Volume 93, Issue 41
Thursday, November 11, 1999
|ARTS AND ENTERTAINMENT
Building a Shakey base
Gazette file photo
THAT BIG? ERM, NO. I SAID RON JAMES, NOT RON JEREMY. Funnyman Ron James brings his well-endowed sense of humour to the Grand Theatre on Sunday.
By Luke Rundle
"I've covered everything from the winter to growing old, to investments and being a baby boomer, as well as the reality of trying to make a living in Canada when the loonie's falling faster than the prom queen's dress after a pint of lemon gin."
So sayeth Maritime comic Ron James, one of Canada's most prolific comics of late, on the focus of his show. Building on the success of his one-man performance about the misadventures of a Canuck transplanted to Los Angeles, Up and Down in Shakey Town: One Man's Journey through the California Dream, James has parlayed his triumph into a wide array of television and film projects.
Besides writing for arguably the nation's funniest homegrown show, This Hour Has 22 Minutes (for which he recently won a Gemini award), James also acts on another Canuck-conceived series, Made In Canada, as well as producing a show of his own for the Global Network.
Having come from funny stock, or "comedy through osmosis," as he puts it, James began his career at Toronto's Second City main stage in the mid- '80s, then moved on to commercial, television and stage work.
A 1990 spot on a Ron Howard-produced sitcom called My Talk Show, brought James over the 49th parallel for three years and the writing of Shakey Town, upon his return, saw James' career turn towards comedy.
James has a distinct soft spot in his heart for the show, which he insists changed the scope of his work as well as his life. "[Shakey Town] was my seminal turn in my late 30s, when I decided to be responsible for my own career rather than wait for somebody else to validate me. I wanted to articulate as best I could my adventure in California, because that's what it was," James states.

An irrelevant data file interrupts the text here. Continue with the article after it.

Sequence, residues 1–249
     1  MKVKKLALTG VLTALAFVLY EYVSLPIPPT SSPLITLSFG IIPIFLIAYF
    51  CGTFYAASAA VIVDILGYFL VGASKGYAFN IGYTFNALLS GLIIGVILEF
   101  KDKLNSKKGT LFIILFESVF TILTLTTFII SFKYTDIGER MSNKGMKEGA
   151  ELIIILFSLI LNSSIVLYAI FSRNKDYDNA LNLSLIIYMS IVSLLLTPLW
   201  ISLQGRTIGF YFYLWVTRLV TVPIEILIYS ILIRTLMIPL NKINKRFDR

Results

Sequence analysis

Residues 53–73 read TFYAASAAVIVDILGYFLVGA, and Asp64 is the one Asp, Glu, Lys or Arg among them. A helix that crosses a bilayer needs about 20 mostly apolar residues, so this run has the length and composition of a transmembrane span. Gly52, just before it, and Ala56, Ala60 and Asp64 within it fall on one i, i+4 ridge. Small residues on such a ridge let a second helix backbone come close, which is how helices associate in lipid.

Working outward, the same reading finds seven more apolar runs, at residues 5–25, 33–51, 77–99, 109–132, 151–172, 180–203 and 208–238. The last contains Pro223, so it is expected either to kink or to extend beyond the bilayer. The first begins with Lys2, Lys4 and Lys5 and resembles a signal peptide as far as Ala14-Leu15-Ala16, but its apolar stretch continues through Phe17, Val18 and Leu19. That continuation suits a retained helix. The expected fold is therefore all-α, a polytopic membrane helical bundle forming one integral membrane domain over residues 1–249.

"I was looking to validate three years, because I went to California and I didn't become a movie star or get a big break on a series, but at the same time, I felt that a lot of experiences down there were worthwhile. There's a trend in California to forget the past and recreate yourself and I realized that some of my own experiences in Halifax were being intoxicated by American culture," James explains.
"Basically, what I came up with was a comparison between both nations from my own perspective and when I came home and wrote that, it turned things around for me."
As for future plans, James says he is hoping his adventure/comedy pilot set in the era of the Canadian fur trade, Blackfly, will be picked up by Global for a run of episodes. He adds he has plans for a new stage show and a toour of Northern Canada on his agenda, notwithstanding a visit to London's Grand Theatre this Sunday.
Fans wishing to attend his London date will not find themselves disappointed, at least according to James, who employs a blue collar method in his onstage rants. "I figure that if people are planning a night out, getting a babysitter and paying 20 bucks to see me, then they deserve to see a man working for his money and working for the audience," James claims.
"I guess that's why I perform live, because you create this relationship between you and the audience for 90 minutes, when you're pretty much aligning the planets for a little bit. It's a cathartic relation and primal surge that you just can't find anywhere else."
Copyright © The Gazette 1999